The Center for Homeland Defense and Security (CHDS) announces the winner and finalists of its first annual essay contest. CHDS launched the contest last year to provide people from around the country the opportunity to express their opinions on homeland security issues and to suggest new ideas. The winner and four finalists were selected from eighty contest submissions by a committee comprised of CHDS staff, faculty, and alumni. The variety of the essay topics submitted, as well as the backgrounds of the authors, highlights the vast scope of the impact that homeland security policies, programs, and challenges have on our communities and professions.

This year’s contestants were asked to answer the question “What single aspect of Homeland Security has been most successful, and what single aspect will be most critical to Homeland Security success?” The contest winner is Matthew Allen, a staff scientist at Sandia National Laboratories in California. He is currently serving as an American Society of Mechanical Engineers (ASME) Congressional Fellow. Mr. Allen’s essay is entitled “Reducing the Risk.” It explores the use of rhetoric as a tool to help frame the U.S. Department of Homeland Security’s (DHS) mission. He proposes that DHS officially adopt the phrase “reducing the risk,” to more clearly articulate to the public the purpose of the Department and to measure its success.

The four finalist essays covered a range of topics from biodefense to higher education.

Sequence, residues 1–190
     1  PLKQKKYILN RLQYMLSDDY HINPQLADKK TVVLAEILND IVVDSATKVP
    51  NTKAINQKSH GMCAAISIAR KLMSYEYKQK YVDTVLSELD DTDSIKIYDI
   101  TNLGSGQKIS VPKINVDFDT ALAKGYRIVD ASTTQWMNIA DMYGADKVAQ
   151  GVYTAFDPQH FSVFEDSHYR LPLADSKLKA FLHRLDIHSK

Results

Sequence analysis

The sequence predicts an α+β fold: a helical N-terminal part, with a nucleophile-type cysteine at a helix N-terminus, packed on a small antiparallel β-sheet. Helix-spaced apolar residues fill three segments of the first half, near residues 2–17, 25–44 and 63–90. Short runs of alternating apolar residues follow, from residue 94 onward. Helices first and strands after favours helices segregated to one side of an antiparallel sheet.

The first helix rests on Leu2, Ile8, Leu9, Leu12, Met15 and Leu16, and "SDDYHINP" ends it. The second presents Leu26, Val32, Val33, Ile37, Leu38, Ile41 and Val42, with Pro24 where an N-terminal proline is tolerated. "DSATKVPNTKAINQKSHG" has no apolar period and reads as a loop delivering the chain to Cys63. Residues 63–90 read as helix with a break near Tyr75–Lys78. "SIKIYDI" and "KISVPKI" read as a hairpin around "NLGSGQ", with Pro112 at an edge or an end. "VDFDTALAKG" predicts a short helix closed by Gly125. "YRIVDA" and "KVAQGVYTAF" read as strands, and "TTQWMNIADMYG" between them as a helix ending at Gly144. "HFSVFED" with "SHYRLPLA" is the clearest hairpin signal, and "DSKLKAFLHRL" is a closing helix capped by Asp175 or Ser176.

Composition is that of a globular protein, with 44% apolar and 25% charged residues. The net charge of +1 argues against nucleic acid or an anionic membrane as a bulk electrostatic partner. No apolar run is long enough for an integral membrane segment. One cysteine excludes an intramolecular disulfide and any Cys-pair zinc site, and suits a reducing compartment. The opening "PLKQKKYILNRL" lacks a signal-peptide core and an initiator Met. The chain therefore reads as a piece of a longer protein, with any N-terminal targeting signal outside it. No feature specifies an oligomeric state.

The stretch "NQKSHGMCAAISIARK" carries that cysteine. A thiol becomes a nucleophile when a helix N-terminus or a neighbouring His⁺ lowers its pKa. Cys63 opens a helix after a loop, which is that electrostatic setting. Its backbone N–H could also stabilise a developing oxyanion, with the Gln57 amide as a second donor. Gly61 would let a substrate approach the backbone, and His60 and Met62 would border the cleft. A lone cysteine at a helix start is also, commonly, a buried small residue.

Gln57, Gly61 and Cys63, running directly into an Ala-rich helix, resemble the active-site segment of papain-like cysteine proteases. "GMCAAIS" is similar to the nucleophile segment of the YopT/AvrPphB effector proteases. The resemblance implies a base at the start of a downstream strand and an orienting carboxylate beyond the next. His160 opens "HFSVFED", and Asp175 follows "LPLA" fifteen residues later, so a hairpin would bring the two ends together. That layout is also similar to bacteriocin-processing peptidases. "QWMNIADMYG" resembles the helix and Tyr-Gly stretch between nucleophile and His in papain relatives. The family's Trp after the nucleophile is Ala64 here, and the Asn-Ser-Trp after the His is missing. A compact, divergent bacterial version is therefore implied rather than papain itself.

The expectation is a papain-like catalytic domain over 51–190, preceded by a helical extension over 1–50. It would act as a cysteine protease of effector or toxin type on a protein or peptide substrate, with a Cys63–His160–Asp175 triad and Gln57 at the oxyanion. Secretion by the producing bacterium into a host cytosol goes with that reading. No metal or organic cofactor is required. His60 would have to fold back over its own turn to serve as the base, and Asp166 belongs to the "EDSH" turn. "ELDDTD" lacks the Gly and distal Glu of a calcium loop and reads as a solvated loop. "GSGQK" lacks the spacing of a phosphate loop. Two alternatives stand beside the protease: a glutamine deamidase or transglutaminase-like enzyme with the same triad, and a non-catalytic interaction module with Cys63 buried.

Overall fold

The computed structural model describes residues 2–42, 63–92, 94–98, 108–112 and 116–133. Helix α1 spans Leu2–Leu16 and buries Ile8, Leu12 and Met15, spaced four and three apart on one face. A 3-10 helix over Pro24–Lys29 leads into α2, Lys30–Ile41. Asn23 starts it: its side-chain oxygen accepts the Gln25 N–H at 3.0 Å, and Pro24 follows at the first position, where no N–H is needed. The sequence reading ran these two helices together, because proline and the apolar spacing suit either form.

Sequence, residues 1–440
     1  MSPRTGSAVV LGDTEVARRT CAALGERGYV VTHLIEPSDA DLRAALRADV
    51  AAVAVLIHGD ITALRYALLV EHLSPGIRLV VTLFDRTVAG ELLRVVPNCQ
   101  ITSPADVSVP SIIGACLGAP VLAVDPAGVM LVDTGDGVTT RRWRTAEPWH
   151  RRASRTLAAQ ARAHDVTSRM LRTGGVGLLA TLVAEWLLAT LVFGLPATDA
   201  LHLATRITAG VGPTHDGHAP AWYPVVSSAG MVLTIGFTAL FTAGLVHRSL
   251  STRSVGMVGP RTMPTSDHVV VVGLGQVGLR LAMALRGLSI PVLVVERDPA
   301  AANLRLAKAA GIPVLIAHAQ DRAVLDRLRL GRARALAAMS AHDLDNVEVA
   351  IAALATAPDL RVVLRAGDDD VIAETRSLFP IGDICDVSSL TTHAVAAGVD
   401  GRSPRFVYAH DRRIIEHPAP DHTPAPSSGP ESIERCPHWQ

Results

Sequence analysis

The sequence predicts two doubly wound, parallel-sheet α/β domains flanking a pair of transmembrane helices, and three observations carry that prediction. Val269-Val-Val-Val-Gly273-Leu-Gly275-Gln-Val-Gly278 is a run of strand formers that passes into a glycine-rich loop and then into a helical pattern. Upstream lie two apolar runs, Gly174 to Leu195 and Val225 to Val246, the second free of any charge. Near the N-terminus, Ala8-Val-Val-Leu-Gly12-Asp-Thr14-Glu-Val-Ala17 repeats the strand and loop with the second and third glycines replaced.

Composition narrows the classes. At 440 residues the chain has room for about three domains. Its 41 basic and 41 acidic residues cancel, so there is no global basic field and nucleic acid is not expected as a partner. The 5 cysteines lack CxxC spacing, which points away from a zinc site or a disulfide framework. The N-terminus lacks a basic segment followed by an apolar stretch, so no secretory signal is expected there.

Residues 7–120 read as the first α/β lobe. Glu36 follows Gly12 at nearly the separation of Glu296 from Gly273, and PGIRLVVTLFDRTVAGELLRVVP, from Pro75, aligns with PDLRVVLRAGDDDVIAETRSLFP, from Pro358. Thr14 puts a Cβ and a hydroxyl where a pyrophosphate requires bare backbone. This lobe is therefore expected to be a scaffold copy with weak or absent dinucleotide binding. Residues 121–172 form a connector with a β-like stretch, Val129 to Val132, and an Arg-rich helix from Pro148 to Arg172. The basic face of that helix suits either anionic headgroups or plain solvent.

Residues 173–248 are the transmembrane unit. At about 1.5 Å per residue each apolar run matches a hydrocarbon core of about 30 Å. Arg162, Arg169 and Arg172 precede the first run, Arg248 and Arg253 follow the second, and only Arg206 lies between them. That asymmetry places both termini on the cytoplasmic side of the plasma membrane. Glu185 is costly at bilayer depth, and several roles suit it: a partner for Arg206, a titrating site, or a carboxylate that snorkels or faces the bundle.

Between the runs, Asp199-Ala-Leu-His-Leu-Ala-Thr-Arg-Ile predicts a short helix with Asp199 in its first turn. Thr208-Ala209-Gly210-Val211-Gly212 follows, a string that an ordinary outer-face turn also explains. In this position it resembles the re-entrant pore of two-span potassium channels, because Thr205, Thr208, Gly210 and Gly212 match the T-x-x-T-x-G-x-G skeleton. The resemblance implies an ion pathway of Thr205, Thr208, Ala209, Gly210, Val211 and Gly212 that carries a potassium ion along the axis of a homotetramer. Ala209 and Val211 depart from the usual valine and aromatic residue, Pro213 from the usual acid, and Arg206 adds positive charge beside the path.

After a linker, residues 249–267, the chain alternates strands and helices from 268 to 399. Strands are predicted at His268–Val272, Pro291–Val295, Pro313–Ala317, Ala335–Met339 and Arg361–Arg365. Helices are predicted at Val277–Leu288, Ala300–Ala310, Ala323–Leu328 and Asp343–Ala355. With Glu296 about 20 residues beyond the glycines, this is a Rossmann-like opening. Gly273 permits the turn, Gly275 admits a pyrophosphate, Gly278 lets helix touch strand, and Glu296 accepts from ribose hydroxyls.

The finalists and their essays are:

Meredith Allen, an epidemiologist with the Department of Health in Bucks County, PA, “Brick by Brick: The Strategic Re-Building of the Public Health Infrastructure;”

William L. Gardella, a Deputy Marshal with the Maine Judicial Marshal Service, “Ascendancy through Perception: the Importance of Dedicated Investment in Academic Homeland Security Research and Inquiry;”

William Goodman, assistant for plans in the Office of the Secretary of Defense, “Making Consequence Management Work: Applying the Lesson of the Joint Terrorism Task Force;” and

Jesse Tucker, a graduate student at the University of Alabama, “Proliferation of Biodefense Laboratories and the Need for National Biosecurity.”

Congratulations to this year’s winners. We hope reading their essays will accomplish the contest objective of stimulating thoughts and ideas and promoting discussion and debate on homeland security and defense issues.

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